Monday, February 27, 2006

At What Cost

Because I have readers who aren’t familiar with the story, here’s a brief recap.  Two high-profile Internet players were recently banned from both Party Poker and Pokerstars for cheating.  They both had multiple accounts and had managed to enter tournaments multiple times under different user id’s.  While having multiple accounts certainly violates the terms and conditions set forth by each poker site, I don’t believe it’s cheating as long as only one account is played at any one time.  However, playing multiple accounts in the same tournament or same ring game is most certainly cheating for a variety of reasons.

Not knowing either individual personally, I wonder what it was that made them decide on their course of action.  Certainly, we’ve been witness to other forms of cheating in other walks of life, professional sports most notably.  In the aftermath of such scandals, it always seems like the guilty party offered one of two reasons.  Either they felt that they had to even the playing field because everyone else was doing it, or it was their drive to be the absolute best at any cost.  Neither argument holds any water in the poker world.

I have to think that the amount of money involved played some factor.  The sum of money confiscated in each case was over six figures, and to many of us, that represents a year or more of salary.  It brings me back to one of the first thoughts I had upon embarking on the journey of becoming a better poker player.  Why did I play?  Was it for the money?  Of course the money is important; without it, we’d never be able to pressure our opponents into making sub-optimal decisions.  But for me, that’s not the reason I play.

Poker, in its infinite combination of possibilities, represents to me the ultimate mental challenge.  I am truly driven by the goal of being able to outthink my opponents in any situation more often than not.  Being better at putting opponents on their hole cards, making bets that offer incorrect odds to be called, and knowing a blind-steal situation when it manifests itself are all areas in which I hope to have an edge.

I’d never cheat to gain that edge.  For any amount of money.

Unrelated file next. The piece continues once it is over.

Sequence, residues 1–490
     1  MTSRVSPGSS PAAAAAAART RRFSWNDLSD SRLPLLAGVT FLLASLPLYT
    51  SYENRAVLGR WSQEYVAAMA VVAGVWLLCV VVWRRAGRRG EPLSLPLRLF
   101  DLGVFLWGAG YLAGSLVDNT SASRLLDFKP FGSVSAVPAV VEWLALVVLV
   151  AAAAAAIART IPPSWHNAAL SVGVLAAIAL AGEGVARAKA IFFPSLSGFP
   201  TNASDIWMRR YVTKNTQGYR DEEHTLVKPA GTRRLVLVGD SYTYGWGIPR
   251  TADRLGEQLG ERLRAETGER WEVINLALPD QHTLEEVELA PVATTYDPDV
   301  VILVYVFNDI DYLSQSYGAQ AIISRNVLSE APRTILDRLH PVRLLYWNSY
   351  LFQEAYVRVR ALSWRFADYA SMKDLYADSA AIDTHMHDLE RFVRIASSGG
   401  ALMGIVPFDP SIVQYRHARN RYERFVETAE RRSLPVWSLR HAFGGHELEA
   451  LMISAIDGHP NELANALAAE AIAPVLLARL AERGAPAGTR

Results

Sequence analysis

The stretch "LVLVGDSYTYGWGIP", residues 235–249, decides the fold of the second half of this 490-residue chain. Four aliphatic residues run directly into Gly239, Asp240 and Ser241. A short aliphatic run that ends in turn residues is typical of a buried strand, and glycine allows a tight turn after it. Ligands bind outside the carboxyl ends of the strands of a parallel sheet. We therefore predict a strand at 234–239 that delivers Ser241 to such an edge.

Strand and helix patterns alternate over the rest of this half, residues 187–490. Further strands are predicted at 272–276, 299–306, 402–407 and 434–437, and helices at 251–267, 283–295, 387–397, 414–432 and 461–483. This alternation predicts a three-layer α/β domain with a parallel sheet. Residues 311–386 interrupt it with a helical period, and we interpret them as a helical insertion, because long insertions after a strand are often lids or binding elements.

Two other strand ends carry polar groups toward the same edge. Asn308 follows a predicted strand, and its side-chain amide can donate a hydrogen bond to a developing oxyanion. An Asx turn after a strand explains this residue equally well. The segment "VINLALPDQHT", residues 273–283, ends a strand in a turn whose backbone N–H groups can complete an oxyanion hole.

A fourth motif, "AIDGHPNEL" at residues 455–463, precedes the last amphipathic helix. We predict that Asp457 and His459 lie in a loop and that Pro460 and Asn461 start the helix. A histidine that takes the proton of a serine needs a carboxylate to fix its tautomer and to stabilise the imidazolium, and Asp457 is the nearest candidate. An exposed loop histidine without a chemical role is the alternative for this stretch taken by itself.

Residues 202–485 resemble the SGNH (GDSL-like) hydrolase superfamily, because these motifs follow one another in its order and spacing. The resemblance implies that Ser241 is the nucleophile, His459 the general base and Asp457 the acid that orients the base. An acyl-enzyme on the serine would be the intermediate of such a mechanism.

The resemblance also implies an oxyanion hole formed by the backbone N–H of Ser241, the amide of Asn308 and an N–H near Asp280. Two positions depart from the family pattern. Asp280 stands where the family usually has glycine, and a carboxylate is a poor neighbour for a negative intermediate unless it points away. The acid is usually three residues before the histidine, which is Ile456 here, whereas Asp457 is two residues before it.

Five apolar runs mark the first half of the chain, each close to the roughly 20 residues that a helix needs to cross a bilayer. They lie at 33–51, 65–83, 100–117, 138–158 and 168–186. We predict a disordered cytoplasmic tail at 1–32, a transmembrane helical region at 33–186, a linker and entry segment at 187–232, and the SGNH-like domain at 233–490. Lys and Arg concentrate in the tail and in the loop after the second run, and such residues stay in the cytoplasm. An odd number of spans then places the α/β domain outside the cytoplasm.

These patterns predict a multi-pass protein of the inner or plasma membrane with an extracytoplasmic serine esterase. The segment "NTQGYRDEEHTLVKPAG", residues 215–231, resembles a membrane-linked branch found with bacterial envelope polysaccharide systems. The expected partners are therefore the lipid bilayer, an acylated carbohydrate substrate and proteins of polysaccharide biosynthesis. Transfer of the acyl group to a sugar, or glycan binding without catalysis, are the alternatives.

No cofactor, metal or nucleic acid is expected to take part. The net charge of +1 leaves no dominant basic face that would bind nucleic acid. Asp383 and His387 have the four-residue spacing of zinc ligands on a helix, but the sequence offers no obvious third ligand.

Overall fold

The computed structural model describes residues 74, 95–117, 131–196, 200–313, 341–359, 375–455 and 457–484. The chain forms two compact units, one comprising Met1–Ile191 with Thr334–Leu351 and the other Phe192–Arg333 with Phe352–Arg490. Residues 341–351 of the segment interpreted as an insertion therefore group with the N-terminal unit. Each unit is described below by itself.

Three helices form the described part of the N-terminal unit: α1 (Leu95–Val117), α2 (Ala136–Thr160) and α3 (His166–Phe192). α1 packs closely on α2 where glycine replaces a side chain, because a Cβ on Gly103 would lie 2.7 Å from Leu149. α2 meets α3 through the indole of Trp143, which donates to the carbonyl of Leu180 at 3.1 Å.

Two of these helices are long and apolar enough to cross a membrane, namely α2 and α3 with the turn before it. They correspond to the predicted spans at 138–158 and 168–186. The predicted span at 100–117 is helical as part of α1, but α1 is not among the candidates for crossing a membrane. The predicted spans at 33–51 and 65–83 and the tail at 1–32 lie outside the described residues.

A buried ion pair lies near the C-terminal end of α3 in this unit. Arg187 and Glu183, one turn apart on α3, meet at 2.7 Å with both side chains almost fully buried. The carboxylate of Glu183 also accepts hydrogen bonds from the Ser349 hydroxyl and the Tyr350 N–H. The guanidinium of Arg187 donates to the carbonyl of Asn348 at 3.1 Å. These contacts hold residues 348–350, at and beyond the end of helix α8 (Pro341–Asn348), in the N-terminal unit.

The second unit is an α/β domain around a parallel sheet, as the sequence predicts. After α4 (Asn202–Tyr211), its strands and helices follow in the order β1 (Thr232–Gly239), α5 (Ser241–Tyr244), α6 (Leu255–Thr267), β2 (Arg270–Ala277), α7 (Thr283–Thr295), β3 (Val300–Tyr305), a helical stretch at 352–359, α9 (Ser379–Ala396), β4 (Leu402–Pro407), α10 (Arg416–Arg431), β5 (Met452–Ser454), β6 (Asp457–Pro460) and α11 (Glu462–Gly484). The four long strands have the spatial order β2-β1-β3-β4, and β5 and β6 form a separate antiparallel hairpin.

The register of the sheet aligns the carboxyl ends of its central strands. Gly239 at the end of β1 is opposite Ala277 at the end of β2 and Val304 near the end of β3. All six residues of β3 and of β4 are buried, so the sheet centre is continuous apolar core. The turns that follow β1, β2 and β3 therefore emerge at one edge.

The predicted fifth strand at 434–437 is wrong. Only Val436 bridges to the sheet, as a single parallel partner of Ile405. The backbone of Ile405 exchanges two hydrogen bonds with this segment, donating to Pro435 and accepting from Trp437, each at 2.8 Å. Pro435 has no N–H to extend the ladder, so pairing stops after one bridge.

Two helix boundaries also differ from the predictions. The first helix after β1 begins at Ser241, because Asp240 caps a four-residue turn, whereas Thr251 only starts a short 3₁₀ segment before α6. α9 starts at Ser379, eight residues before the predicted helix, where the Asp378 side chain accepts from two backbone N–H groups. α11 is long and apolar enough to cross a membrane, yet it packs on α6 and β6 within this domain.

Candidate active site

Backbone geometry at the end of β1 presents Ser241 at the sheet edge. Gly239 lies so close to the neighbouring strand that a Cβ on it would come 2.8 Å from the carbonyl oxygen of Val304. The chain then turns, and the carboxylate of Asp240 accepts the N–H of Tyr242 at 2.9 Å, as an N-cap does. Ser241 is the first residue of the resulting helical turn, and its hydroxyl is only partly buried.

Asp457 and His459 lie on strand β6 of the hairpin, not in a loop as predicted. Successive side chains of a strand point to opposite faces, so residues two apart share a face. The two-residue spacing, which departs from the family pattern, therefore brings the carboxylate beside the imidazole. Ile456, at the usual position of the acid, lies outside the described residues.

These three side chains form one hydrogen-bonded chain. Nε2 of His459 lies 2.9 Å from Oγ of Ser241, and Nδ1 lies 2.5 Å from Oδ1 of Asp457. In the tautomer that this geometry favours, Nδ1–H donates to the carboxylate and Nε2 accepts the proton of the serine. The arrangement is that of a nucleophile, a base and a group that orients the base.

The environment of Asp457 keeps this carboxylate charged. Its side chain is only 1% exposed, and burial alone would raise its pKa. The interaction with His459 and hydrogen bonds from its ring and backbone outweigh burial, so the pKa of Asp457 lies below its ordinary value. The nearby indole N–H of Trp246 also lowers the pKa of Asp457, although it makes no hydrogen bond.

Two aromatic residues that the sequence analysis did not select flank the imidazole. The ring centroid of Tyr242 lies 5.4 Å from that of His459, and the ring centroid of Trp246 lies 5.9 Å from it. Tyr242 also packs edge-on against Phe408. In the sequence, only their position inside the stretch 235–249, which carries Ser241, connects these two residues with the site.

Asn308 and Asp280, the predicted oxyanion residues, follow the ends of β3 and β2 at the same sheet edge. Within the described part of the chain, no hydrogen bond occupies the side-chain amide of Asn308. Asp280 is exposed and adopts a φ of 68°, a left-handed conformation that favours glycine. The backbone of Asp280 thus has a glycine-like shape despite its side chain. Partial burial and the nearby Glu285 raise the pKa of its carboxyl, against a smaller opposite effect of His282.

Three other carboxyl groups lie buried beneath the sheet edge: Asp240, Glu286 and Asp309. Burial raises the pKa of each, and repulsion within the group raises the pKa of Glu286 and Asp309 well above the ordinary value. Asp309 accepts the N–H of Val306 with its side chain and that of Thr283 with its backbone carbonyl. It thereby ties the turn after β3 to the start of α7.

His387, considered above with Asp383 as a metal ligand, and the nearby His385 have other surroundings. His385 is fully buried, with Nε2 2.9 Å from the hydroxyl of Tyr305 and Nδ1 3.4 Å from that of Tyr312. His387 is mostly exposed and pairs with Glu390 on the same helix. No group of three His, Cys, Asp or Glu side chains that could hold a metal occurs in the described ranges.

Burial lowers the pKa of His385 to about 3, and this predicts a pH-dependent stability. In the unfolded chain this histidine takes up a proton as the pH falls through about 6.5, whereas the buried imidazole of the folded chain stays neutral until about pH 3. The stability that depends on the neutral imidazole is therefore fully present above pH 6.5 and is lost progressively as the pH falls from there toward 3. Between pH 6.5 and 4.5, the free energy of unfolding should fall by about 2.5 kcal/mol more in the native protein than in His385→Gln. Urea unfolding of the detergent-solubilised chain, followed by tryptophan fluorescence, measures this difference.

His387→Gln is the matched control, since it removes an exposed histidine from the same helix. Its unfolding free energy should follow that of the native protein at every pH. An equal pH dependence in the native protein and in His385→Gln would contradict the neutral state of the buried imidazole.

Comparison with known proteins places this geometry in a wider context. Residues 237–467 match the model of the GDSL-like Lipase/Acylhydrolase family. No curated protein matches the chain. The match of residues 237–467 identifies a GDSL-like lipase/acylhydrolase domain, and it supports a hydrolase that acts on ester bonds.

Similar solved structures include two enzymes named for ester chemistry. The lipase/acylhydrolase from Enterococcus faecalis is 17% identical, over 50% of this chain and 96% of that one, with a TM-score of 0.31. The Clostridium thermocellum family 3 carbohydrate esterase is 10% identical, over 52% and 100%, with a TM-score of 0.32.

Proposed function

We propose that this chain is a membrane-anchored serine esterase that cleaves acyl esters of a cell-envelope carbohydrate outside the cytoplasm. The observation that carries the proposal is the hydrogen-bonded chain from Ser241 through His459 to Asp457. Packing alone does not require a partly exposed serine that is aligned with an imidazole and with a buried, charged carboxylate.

For whatever reason, if I were to win a tournament or cash big in a ring game due to an unfair advantage gained through cheating, I’d feel empty.  It would be a hollow victory.  The rules of poker define the playing field.  The guilty parties mentioned above expanded their playing field to include the infrastructure of online poker.  The holes in that infrastructure allowed them to gain their edge.

One of the players indicated that having other accounts allowed him to remain anonymous.  His main online persona had developed a reputation and other players knowing his style began to play back at him.  So rather than develop the skills required to adjust to those who’ve adjusted to him, he simply created a new account that enabled him to reap the rewards of his main playing style.  That, to me, is the easy way out.  It indicates to me that poker became a moneymaking endeavor rather than an opportunity to become truly world-class.  That’s not to say this player was unskilled.  Quite the contrary.  But I feel he lost an opportunity to become even better by relying on the crutch of multiple account names.

Frankly, I’m a little bit saddened (but not surprised) by the events.  Online poker was gaining momentum, making inroads to the already established B&M tournament scene.  Million dollar prize pools have become almost commonplace, rivaling the live poker scene from a decade ago.  And it was growing fast.

In one sense, I’m satisfied with the resulting course of action.  After an investigation, the guilty parties were banned and funds were confiscated.  On the other hand, I’m disappointed that this was handled reactively than proactively.  I have to ask, hopefully not rhetorically, why this cheating wasn’t discovered internally.  I’m sure the technical details are complicated, but two players having the same IP address/unique machine ID playing in the same tournament or same ring game should simply not be possible.  The fact that it is/was is disturbing to me.

This episode indicates how far online poker still has to go; after all, it’s still in its infancy.  Unfortunately, the incident has the makings of being the tipping point from which the legality issue will be determined.  Russ Fox has written about the possibility of the mainstream media picking up on this issue and its implications.  With the impending bill to ban online gambling gaining exposure, we’re in for some interesting times.

I hope online poker improves and learns from these growing pains.  And I hope that the players who feel the need to cheat in order to win have the capability to look inside themselves and realize that what they’re doing is wrong.  If you’re playing only because you want to win money at all costs, you should look for another game.  Don’t pollute the beauty of the game with your greed.

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